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Robinhood Takes Away Some Investors' Rights to Trade on Its Platform

In recent weeks, Robinhood placed trading restrictions upon certain highly volatile stocks, including GameStop and AMC Entertainment. The angry Robinhood investors felt there were breaches of contract and fiduciary duty in preventing platform users from buying and selling certain stocks. Shares of GameStop went from $20 in early January to nearly $350 later in the month and more recently as low as $46. The share prices of GameStop seem to be more related to trading speculation and possibly manipulation than the company’s business performance. While some individuals were making gains as they were driving the share price up, some institutional investors that were shorting the stock, essentially betting that it would go down, were losing huge sums of money.

Individual lawsuits filed against Robinhood accuse the company of depriving them of the use of their trading platform and the associated gains from trading. Another lawsuit accuses the company of using "false and misleading" tactics to drive certain stock prices down to benefit their institutional partners.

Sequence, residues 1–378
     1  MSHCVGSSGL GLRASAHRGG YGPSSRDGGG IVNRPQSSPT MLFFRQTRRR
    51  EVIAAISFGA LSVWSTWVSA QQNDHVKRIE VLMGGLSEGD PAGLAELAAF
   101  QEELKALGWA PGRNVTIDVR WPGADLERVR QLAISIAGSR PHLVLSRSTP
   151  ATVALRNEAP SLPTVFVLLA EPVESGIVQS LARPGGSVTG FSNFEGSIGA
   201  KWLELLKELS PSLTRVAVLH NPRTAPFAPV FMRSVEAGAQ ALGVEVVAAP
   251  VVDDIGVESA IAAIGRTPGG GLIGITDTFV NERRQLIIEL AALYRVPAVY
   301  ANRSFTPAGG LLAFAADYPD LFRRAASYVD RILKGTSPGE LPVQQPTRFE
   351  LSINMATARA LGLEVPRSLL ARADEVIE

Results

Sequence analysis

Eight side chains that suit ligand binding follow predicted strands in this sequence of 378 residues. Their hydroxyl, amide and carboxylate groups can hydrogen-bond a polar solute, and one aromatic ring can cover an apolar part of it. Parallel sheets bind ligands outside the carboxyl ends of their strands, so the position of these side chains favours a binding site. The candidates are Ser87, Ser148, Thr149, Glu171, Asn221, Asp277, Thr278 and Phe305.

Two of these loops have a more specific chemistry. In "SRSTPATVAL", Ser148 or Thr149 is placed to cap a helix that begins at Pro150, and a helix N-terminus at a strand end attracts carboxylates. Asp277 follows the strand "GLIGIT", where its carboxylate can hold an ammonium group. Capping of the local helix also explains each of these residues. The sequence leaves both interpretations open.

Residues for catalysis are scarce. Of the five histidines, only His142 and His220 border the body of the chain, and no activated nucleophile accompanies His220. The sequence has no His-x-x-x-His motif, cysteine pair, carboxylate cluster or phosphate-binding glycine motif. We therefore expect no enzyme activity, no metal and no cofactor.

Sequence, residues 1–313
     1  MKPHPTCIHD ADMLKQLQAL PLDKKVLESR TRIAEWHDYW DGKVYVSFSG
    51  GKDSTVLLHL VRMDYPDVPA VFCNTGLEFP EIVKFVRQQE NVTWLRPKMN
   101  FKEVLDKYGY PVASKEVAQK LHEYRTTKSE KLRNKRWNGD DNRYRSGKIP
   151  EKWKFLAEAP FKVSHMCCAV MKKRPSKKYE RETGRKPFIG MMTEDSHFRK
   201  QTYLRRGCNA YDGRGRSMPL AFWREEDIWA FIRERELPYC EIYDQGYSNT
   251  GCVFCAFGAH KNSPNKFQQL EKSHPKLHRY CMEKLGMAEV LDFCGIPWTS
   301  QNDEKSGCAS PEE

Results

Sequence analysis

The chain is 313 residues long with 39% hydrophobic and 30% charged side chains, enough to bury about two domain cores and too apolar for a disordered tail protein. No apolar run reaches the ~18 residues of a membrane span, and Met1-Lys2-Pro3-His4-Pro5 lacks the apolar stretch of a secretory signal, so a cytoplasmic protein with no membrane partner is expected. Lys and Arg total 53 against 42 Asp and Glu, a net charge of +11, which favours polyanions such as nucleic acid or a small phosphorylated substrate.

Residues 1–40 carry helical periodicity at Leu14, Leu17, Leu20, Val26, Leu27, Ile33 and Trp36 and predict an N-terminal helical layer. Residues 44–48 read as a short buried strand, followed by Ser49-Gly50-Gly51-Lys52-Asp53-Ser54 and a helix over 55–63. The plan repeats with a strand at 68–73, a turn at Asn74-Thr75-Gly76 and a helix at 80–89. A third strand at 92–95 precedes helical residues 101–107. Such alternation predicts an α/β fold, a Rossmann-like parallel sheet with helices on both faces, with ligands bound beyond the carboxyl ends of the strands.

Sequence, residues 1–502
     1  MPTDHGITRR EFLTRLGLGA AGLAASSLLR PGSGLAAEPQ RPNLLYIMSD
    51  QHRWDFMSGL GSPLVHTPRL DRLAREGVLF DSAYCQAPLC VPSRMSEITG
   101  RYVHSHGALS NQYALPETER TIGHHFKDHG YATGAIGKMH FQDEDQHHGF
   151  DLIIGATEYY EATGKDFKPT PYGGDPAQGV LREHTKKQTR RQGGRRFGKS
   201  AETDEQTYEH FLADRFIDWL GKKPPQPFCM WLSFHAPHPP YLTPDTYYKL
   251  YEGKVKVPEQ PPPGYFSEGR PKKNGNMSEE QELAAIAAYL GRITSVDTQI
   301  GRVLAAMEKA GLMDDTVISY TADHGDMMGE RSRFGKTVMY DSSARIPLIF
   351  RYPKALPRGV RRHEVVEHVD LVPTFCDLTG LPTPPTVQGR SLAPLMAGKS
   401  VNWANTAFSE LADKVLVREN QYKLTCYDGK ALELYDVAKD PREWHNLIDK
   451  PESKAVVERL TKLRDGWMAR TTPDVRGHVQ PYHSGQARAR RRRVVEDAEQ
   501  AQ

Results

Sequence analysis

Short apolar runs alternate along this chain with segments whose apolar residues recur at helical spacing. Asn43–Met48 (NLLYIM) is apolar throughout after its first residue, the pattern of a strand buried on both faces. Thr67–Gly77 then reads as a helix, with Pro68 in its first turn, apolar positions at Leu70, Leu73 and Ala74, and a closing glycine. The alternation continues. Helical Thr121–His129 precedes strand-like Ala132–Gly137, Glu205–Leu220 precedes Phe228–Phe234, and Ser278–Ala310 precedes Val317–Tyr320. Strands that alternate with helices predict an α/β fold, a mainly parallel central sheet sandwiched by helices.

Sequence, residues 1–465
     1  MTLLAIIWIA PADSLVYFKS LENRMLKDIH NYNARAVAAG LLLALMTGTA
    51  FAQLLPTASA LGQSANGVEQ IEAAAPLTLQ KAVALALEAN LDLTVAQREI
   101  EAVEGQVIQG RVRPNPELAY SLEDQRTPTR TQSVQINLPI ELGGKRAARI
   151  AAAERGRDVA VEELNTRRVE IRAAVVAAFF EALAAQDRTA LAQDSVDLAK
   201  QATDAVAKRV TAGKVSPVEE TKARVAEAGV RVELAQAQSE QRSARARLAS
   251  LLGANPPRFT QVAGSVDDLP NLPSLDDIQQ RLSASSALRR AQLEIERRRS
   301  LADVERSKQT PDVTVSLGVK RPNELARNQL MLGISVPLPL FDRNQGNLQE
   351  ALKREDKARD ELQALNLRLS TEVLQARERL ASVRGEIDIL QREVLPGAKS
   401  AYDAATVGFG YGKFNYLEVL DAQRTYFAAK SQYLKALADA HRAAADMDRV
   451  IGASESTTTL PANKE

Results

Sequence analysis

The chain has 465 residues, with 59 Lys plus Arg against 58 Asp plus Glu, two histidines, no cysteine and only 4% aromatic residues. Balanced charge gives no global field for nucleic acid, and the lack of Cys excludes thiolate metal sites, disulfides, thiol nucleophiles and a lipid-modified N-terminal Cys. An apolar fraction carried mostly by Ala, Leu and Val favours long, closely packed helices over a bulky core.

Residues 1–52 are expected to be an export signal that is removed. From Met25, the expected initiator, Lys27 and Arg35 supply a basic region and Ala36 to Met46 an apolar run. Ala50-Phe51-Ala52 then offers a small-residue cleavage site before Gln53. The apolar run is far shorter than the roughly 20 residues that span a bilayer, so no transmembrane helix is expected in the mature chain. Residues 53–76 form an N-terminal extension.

Robinhood has contended that its trading restrictions on specific stocks were a result of Securities and Exchange Commission (SEC) capital reserve requirements and a significant increase in related deposit requirements from clearinghouses to cover their trades. In a blog post, Robinhood responded, "To be the trusted and responsible platform you can rely on, Robinhood has to operate within the existing regulatory environment. We have to make progressive strides while simultaneously complying with laws and regulations outside of our control."

The extreme volatility of these stocks has generated concern from Treasury Secretary Janet Yellen who will be reviewing the activities along with other regulators. The SEC is conducting a review of brokerage firm activities that impact trading of highly volatile stocks. Congressional members are asking regulatory agencies to take action to better understand and respond to the newer business models that have different risks than past investment firms posed.


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